Uriah Davenport was a composer of parochial psalmody (West Gallery music) and a member of the choir at Rushton Spencer chapel in the parish of Leek, Staffordshire during the eighteenth century.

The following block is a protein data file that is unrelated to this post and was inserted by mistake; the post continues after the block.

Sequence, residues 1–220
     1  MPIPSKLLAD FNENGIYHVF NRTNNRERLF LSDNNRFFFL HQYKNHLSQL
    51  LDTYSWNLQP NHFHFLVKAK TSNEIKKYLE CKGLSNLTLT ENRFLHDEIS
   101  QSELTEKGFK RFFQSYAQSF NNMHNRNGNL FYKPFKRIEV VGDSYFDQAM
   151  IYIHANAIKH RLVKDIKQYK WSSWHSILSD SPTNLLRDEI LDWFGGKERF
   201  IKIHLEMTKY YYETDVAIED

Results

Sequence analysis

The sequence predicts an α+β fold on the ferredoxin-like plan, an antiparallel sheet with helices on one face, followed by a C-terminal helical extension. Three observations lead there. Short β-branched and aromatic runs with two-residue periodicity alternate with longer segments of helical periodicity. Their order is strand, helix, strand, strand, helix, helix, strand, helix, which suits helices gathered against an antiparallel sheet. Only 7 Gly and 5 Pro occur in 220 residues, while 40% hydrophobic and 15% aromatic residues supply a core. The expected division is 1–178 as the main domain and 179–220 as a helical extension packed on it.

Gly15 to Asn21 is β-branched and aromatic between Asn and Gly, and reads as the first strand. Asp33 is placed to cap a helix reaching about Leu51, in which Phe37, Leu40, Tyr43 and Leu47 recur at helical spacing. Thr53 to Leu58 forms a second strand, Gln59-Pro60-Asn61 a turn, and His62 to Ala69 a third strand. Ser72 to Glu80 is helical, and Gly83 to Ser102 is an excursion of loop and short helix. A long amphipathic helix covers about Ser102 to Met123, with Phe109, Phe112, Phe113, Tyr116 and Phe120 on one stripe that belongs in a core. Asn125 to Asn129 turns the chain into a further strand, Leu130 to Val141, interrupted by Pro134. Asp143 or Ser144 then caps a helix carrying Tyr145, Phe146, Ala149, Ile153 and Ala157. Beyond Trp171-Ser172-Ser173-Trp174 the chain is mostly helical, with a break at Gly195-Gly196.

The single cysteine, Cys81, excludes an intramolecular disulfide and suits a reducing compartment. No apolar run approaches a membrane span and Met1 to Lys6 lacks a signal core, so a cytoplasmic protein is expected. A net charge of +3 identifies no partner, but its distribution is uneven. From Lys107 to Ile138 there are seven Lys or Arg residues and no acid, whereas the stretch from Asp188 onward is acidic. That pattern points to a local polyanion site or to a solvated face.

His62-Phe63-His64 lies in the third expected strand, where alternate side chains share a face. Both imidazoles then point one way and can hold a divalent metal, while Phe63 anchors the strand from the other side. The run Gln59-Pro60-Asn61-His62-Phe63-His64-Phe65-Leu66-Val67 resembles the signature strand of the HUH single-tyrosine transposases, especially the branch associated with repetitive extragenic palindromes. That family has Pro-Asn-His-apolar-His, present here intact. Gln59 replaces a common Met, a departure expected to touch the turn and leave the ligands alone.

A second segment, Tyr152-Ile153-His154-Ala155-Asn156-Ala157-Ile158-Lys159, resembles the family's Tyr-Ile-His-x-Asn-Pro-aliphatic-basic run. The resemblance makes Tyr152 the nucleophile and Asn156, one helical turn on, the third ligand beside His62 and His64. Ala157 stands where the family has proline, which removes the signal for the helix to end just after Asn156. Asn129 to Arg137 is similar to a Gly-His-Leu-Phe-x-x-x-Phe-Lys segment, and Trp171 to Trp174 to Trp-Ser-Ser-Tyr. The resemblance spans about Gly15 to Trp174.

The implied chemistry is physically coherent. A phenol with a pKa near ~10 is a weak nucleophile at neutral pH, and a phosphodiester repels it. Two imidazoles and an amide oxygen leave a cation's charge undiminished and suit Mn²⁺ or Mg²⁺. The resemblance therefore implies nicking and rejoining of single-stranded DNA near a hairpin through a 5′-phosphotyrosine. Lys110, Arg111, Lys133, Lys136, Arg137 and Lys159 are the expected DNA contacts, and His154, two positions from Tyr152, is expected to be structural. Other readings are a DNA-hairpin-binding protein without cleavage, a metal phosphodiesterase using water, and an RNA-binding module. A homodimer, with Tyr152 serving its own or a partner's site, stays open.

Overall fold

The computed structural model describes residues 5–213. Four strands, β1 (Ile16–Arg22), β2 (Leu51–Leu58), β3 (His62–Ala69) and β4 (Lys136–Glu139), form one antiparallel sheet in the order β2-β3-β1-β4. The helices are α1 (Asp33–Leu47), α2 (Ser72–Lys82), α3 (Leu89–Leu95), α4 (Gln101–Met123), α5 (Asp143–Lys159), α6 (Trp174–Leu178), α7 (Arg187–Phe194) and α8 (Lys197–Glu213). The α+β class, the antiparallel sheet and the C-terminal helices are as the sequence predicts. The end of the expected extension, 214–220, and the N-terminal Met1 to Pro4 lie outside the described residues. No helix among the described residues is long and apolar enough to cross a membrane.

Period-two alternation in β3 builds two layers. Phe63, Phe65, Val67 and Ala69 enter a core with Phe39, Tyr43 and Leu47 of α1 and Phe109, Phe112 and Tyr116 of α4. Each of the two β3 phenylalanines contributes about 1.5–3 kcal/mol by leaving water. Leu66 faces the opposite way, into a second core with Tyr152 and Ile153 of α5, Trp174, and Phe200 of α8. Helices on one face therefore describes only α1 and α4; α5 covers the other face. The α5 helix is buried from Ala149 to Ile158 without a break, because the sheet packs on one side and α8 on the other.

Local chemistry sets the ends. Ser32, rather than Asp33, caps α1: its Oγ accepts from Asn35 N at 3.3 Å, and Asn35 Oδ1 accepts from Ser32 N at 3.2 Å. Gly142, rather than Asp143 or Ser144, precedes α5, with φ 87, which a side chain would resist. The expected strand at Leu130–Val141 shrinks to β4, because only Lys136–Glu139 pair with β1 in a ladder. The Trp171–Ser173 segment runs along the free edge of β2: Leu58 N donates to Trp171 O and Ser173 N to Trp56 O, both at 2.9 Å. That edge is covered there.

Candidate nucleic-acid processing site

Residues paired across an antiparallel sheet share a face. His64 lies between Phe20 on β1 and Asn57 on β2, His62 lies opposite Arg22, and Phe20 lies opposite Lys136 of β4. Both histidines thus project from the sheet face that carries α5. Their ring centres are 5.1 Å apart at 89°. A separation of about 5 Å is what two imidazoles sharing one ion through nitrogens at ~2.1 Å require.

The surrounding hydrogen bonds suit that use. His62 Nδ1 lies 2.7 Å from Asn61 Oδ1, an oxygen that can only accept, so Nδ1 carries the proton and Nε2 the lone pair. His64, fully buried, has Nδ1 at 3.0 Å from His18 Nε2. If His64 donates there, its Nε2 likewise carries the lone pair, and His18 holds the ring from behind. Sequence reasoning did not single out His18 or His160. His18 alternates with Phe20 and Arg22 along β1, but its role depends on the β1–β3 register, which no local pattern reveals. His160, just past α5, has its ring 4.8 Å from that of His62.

Little is known about Davenport's personal life. He was born circa 1690, probably in the Rushton chapelry, where he died aged 94 in 1784; it was noted in the chapel's register that he had 'taught psalmody at Rushton for upwards of 60 years' He married Mary Smith in Rushton chapel in 1724 and three of their children were baptised there in the 1730s. His home in 1747 was at Flashcrofts, a farmhouse on the bank of the River Dane in Heaton township. Nationally, Davenport is known for his book The Psalm-Singer's Pocket Companion, printed and published in London in 1758. It opens with instructions for those wishing to learn how to sing church music, and includes four-part scores for most of the metrical psalms and for the canticles, nine anthems, and seven hymns. The preface makes no reference to his career, beyond stating that he had been a teacher for 'many years'. He is one of the first compilers of such works to claim authorship for most of his material